De*pute" (?), v. t. [imp. & p. p. Deputed; p. pr. & vb. n. Deputing.] [F. d'eputer, fr. L. deputare to esteem, consider, in LL., to destine, allot; de- + putare to clean, prune, clear up, set in order, reckon, think. See Pure.]

1.

To appoint as deputy or agent; to commission to act in one's place; to delegate.

There is no man deputed of the king to hear thee. 2. Sam. xv. 3.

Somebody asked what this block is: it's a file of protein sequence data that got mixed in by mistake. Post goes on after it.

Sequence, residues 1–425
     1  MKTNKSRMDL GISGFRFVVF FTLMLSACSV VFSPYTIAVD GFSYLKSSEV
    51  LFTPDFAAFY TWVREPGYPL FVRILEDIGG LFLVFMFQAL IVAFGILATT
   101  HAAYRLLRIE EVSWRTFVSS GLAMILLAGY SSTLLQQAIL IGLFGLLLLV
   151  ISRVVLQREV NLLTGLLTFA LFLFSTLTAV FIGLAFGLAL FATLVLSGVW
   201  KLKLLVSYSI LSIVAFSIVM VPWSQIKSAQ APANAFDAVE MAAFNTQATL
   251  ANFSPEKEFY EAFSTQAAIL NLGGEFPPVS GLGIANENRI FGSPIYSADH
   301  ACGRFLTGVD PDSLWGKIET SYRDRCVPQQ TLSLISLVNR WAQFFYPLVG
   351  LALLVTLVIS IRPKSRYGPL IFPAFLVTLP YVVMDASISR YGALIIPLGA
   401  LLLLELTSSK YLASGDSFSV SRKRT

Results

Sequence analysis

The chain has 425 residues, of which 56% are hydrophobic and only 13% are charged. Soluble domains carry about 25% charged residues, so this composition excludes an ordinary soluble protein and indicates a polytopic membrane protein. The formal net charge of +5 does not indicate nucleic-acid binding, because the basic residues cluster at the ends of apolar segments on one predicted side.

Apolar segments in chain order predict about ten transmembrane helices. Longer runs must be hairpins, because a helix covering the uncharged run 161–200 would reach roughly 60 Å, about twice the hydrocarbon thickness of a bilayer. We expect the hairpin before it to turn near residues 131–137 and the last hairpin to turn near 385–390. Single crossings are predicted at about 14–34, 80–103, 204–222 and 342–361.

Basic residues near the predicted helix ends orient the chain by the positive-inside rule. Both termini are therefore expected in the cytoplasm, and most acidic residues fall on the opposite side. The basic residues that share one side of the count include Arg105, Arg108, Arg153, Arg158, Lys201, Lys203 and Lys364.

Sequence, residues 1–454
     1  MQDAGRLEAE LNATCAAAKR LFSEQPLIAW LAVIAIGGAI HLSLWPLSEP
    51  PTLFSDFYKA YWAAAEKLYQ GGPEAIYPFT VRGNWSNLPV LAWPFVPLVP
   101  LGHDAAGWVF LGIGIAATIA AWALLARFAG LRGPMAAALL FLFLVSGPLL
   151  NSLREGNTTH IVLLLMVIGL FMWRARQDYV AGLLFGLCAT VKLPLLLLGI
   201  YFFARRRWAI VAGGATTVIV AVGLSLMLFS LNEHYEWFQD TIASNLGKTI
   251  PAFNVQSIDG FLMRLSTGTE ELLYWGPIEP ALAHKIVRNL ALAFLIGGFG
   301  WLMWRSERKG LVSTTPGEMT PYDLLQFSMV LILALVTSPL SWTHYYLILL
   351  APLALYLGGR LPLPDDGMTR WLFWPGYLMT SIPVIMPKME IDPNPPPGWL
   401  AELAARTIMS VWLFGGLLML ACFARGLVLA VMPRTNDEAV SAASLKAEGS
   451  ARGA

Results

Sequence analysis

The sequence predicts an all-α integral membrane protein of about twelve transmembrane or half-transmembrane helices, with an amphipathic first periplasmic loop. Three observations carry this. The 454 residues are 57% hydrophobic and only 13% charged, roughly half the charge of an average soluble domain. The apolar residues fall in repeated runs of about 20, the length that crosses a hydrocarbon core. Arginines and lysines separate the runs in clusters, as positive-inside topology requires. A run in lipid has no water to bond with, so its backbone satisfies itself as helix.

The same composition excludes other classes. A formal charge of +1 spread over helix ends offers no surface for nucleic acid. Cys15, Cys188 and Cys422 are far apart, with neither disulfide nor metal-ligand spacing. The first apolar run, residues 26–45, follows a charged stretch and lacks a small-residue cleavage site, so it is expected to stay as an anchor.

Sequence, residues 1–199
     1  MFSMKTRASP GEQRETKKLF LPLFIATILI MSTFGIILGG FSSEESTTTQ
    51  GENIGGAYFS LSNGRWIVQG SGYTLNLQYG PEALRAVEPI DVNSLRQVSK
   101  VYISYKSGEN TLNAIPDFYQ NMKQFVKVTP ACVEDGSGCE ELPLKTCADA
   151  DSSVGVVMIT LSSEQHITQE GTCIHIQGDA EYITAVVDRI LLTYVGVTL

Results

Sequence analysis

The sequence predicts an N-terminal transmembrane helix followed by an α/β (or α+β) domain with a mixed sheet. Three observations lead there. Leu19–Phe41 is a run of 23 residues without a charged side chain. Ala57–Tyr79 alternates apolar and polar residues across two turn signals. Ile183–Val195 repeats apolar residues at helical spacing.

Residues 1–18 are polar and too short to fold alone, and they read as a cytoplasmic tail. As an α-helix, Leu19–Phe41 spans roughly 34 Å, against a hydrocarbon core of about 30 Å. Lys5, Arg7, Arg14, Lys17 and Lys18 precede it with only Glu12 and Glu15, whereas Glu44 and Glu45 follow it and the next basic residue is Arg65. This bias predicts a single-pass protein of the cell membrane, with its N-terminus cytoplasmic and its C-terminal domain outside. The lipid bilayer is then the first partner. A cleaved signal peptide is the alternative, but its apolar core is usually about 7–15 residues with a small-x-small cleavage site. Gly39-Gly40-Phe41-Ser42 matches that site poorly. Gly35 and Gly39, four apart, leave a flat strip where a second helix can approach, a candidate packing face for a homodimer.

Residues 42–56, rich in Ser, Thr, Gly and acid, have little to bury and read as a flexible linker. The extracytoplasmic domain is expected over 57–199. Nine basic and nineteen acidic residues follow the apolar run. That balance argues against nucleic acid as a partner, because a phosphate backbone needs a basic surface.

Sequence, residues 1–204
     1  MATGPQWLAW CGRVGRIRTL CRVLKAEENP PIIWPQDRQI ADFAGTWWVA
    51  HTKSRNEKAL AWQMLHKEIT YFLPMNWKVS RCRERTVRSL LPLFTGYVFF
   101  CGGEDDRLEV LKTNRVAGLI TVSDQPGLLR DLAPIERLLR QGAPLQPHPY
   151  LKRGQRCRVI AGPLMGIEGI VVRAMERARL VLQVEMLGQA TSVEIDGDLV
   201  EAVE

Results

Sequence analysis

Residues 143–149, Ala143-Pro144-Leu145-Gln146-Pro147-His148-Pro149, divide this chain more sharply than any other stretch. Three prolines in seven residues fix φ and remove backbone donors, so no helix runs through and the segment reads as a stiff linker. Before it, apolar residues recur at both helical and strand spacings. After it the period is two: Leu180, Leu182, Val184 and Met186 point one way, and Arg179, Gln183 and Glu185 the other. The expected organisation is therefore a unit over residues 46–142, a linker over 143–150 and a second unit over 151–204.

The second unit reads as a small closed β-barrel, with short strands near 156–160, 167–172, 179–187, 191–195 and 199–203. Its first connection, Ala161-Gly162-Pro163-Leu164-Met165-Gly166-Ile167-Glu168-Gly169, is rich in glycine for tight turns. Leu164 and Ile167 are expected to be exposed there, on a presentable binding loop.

Some persons, deputed by a meeting. Macaulay.

2.

To appoint; to assign; to choose.

[R.]

The most conspicuous places in cities are usually deputed for the erection of statues. Barrow.

 

© Webster 1913.


De*pute", n.

A person deputed; a deputy.

[Scot.]

 

© Webster 1913.

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